Moreover, for much of his career, Thae was abroad and far from the machinations going on under the previous rule of Kim Il Sung and Kim Jong Il. He received much of his education in China and, prior to London, served in North Korean embassies in Denmark and Sweden as well as the European department of his ministry. In 2001, he headed human rights talks with the EU (“an area close to the work of HRNK,” Roberta Cohen, the chair of the Committee for Human Rights in Korea noted in her introduction to Thae at CSIS).

The fact that Thae lacked “insider knowledge” was one of the reasons US intelligence agencies declined to give him asylum when he defected in 2016, according to several North Korea experts I’ve spoken to. That’s plausible, and his relative isolation was apparent when he appeared before the House Foreign Affairs Committee on Wednesday. Several times during his testimony, Thae was asked about aspects of North Korea’s nuclear and missile programs that remain a mystery. He had no ready answer.

At one point, for example, a lawmaker asked Thae if North Korea had the ability to place a nuclear weapon on a missile and fire it at Seoul. “I’m not quite sure,” he answered. What about their cyber capabilities? “I don’t have exact information on that,” he replied.

Another lawmaker inquired about the possibility of Chinese cooperation with North Korea’s missile program and whether Pyongyang was sharing nuclear or submarine technology with Iran. Thae recounted information that’s been in the press about the Chinese-made trucks that the North uses to transport missiles, and mentioned the visits of Iranian scientists to North Korea’s nuclear site. But other than that, he had “no clear information.”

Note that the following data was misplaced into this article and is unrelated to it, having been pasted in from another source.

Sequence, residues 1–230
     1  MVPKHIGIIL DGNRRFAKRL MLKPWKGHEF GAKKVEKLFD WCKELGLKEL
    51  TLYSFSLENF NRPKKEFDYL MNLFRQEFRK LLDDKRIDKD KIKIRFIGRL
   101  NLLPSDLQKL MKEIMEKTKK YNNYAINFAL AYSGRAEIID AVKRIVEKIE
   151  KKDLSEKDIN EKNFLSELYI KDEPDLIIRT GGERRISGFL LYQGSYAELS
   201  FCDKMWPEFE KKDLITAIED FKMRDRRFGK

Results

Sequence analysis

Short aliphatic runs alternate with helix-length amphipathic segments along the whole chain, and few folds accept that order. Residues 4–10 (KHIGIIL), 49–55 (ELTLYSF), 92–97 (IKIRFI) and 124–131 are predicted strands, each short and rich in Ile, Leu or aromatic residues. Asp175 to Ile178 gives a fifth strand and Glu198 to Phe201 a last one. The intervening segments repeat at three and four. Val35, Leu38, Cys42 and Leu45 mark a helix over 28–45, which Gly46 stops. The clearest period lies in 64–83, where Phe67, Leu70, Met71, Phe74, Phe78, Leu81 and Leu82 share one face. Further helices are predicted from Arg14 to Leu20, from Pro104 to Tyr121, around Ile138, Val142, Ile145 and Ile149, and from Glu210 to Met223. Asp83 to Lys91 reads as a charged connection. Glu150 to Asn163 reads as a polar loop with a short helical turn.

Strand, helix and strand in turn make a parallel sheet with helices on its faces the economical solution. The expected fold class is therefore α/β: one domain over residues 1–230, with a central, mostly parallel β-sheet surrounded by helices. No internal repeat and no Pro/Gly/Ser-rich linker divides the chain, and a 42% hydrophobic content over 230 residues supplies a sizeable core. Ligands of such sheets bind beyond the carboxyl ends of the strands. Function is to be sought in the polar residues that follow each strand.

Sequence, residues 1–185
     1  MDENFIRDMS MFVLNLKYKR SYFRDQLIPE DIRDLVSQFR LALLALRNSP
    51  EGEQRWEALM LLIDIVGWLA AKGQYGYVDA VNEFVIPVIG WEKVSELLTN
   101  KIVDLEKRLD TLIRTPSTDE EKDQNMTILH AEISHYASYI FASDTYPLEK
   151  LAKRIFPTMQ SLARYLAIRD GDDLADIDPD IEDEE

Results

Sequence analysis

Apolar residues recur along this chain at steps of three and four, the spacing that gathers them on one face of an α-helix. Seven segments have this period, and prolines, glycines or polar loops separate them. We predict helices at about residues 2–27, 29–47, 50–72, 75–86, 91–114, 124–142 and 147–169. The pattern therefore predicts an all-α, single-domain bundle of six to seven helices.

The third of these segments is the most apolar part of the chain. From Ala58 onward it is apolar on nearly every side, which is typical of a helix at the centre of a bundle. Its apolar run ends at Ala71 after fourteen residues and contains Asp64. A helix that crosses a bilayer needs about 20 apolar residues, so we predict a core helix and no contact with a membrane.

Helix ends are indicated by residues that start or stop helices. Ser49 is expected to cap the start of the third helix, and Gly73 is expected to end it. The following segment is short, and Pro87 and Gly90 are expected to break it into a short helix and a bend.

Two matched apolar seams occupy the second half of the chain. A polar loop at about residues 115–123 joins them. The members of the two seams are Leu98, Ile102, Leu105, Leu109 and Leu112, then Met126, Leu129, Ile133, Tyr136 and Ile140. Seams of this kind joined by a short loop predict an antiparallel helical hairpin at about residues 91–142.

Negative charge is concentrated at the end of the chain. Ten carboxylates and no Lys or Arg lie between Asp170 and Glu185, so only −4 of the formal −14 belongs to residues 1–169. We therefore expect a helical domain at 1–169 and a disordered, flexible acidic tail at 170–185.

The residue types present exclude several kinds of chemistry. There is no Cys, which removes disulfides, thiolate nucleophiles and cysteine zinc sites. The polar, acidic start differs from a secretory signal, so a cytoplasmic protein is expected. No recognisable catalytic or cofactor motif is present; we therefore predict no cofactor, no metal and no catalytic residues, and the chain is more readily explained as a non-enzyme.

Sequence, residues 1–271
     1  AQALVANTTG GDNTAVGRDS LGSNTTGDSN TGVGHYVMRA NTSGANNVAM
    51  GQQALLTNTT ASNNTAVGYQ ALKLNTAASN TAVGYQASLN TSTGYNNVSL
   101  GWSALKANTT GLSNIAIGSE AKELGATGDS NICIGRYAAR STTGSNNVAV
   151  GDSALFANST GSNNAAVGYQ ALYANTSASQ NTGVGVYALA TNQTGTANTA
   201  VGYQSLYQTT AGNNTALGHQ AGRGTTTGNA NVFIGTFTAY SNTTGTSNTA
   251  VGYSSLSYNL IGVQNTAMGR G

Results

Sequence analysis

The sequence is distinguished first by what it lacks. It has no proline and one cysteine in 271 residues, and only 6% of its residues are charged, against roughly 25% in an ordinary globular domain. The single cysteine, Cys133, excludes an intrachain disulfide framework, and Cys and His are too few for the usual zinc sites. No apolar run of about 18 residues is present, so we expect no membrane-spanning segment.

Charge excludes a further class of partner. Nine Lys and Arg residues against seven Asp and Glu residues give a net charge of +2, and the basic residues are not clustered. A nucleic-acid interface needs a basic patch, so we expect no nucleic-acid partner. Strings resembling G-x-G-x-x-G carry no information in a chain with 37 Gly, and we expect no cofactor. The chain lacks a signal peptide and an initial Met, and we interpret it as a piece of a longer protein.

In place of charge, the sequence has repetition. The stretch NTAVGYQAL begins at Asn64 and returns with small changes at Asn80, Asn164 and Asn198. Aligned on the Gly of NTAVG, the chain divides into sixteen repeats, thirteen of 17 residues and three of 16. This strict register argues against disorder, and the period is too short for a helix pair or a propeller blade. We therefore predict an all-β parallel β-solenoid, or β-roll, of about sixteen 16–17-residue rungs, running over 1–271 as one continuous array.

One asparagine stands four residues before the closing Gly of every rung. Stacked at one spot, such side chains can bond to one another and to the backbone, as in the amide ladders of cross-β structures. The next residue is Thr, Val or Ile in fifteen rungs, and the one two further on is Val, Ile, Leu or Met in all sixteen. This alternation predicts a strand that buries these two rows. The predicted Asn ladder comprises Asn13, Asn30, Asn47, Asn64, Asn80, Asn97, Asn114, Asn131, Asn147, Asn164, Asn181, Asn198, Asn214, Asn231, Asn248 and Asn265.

Still, Thae’s straight-forward approach and his stress on finding a peaceful solution to the crisis was in marked contrast to the visit to Washington last week of South Korean conservative opposition leader Hong Joon-pyo. Thae, for example, met with think-tanks like CSIS and NED and even endorsed direct US talks with Kim.

The end goal is to persuade the North to give up its weapons and then “help Kim Jong Un build its economy and make North Korea a prosperous country,” he told Congress, “Before any military action is taken, I think it is necessary to meet Kim Jong Un, at least once, to understand his thinking and try to convince him that he would be destroyed” if the North attacks the U.S. or its allies.

Hong, on the other hand, promoted a more muscular policy. During his visit, he made a splashy visit to the CIA’s new Korea Mission Center and held a press conference to urge the United States, South Korea and Japan to form a “freedom nuclear alliance” and return US tactical nuclear weapons to the Korean peninsula.

That would put the South “on an equal footing and then we will be able to sign a treaty to disarm the nuclear weapons,” he told the Wall Street Journal. The US, he added, “should do away with the wishful thinking that North Korea will do way with their nuclear ambitions, because this is not happening.”